Gender-specific Noun

Gender-specific Nouns

A gender-specific noun refers to something specifically male or female.

Easy Examples of Gender-specific Nouns

Nouns referring to females:
  • queen, vixen (female fox), bitch (female dog), sow (female pig)
  • (The grammatical gender of these nouns is feminine.)
Nouns referring to males:
  • king, uncle, drake (male duck), wether (a castrated male sheep or goat)
  • (The grammatical gender of these nouns is masculine.)
The following are not gender-specific nouns:
  • soldier, shark, lawyer, person
  • (Without further context, these are gender-neutral nouns.)

Real-Life Examples of Gender-specific Nouns

In English, the gender of a noun determines the pronouns we use with it (e.g., he, she, it) and the possessive adjectives (e.g., his, her, its). In each of the following examples, the gender-specific noun is underlined and the related pronoun or possessive adjective is in bold.
  • My mother had a great deal of trouble with me, but I think she enjoyed it. (Writer Mark Twain)
  • She got her looks from her father. He's a plastic surgeon. (Comedian Groucho Marx)
  • Behind every great man is a woman rolling her eyes. (Actor Jim Carrey)
  • I haven't spoken to my wife in years. I didn't want to interrupt her. (Comedian Rodney Dangerfield)
There is more on this topic in the entry on gender.

Why Should I Care about Gender-specific Nouns?

Mistakes involving gender-specific nouns are rare. However, the following two issues are worthy of note.

(Issue 1) Using the word actress

Using the gender-specific noun actress is a considered sexist by some, most probably because the noun actor has always been a gender-neutral term meaning a person who acts. Some feel the word actress, which emerged long after actor, is not needed and only serves to engender gender inequality. (After all, there are no female versions of nouns like doctor, politician, pilot, and beggar, so it's a fair point.) As a result of increasing public awareness on gender equality, the gender-neutral usage of actor is becoming more popular in modern English as people strive not to offend.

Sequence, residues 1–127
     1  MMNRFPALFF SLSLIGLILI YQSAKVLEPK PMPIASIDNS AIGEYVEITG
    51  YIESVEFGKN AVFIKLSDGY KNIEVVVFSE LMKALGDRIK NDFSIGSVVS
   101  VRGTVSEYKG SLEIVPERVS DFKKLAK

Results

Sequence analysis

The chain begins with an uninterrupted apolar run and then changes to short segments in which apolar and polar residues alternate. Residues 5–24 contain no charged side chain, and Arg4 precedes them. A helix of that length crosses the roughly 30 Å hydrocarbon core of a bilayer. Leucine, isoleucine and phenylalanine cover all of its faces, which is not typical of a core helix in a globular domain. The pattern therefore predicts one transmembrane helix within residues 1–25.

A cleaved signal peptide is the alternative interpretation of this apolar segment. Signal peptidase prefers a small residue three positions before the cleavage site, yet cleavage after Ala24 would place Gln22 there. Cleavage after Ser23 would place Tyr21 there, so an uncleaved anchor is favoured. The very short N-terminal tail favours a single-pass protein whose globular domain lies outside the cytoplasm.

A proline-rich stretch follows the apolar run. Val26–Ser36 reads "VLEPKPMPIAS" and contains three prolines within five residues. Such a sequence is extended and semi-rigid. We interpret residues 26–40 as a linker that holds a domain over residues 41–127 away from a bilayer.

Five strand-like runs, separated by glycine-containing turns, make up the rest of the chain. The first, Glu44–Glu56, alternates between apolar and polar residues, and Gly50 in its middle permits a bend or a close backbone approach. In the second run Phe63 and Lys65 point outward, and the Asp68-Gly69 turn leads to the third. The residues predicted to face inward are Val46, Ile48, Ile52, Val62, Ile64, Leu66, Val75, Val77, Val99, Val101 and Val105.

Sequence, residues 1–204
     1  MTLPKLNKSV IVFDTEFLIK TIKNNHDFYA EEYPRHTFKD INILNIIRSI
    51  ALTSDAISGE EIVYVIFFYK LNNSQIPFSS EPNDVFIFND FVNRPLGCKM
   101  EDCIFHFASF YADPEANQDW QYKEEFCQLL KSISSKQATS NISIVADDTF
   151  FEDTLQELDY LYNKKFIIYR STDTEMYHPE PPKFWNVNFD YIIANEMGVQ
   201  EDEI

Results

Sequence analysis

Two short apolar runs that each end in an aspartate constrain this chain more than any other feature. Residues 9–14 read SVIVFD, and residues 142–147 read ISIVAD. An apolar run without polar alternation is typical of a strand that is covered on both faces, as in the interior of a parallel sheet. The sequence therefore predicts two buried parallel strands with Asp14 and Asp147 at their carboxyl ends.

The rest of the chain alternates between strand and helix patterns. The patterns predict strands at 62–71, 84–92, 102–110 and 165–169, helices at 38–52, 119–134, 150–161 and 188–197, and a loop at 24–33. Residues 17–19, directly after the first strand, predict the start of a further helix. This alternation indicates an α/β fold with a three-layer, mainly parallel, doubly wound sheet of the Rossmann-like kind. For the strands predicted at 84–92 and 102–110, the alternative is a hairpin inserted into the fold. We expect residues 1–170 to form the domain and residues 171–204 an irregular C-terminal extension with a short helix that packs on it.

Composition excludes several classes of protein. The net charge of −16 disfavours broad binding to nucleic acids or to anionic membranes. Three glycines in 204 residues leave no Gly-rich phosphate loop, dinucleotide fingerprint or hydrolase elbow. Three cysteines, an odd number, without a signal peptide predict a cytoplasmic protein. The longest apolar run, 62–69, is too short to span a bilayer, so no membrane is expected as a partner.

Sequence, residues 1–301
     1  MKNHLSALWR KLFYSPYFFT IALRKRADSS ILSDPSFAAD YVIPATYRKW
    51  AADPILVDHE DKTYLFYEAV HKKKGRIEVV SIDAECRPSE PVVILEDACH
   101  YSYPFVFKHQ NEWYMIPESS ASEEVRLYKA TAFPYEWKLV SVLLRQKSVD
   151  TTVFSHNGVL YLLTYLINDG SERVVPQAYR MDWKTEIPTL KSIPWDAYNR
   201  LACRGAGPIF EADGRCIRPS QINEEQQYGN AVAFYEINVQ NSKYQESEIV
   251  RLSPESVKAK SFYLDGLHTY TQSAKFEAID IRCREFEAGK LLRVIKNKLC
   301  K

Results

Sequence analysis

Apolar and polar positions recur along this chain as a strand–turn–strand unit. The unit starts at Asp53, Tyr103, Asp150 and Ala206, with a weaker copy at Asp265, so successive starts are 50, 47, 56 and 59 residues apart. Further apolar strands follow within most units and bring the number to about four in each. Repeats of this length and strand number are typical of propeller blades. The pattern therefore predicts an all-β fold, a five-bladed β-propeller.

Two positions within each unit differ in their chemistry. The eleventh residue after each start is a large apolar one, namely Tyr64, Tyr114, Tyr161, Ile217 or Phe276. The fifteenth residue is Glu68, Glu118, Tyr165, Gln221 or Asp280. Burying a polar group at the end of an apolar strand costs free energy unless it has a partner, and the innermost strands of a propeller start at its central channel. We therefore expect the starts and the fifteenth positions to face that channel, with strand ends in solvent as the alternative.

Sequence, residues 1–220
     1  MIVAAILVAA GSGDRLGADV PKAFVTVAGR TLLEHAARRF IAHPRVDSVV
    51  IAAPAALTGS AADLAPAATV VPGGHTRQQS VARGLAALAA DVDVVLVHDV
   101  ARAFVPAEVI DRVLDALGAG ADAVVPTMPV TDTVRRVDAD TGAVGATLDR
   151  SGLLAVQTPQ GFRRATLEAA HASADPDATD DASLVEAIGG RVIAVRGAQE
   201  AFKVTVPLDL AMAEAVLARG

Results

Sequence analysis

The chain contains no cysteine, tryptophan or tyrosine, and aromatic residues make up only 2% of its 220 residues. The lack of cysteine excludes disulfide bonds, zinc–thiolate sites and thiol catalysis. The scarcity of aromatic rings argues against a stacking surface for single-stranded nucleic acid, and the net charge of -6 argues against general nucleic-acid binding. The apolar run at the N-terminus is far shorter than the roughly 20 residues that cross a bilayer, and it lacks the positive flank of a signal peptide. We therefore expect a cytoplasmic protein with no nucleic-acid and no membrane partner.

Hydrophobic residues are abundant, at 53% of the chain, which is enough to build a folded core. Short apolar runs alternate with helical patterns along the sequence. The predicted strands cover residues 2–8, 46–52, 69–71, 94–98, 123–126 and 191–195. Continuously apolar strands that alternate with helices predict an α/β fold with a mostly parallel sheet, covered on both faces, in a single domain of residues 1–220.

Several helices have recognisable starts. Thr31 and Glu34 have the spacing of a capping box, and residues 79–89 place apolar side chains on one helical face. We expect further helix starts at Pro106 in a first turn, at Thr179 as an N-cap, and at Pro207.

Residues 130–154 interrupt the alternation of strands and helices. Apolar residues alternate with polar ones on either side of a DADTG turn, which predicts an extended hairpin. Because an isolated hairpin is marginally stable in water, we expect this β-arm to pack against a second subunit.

(Issue 2) Using the word chairman

Not everyone treats the noun chairman as a gender-specific noun, and it is regularly used for men and women. However, quite understandably, many consider it as masculine noun, and when the appointed person is female, they opt for chairwoman (a term that has been in use since at least the 17th century). So, some will think chairman is just for men, and some won't. This issue is often avoided by using the gender-neutral term chairperson or chair.
  • Don't call me chairman because I'm a woman. Don't call me chairwoman because my sex is irrelevant. Don't call me chairperson because that term is trying too hard not to be sexist. Call me the chair.
  • (This captures the issue. If you're unsure, use chair.)
The fire and rescue services avoided the same issue with fireman by introducing firefighter. The Royal Mail has kept the distinction, using postman and postwoman, but, informally, will use the gender-neutral postie.

In truth, it's become bit of minefield. Some might view your use of the -man version as sexist while others might view your avoidance of the -man version as sexist. This old joke plays on the dilemma:
  • What do you call a blonde girl who flies a plane?
  • A pilot.
  • (It's sexist because it's not sexist.)

Key Points

  • Be mindful that actor refers to a males and females who act, and some believe actress creates an unnecessary distinction between men and women.
  • If you're unsure whether to use chairman or chairwomen, use chair. (Chairperson is bit contrived.)
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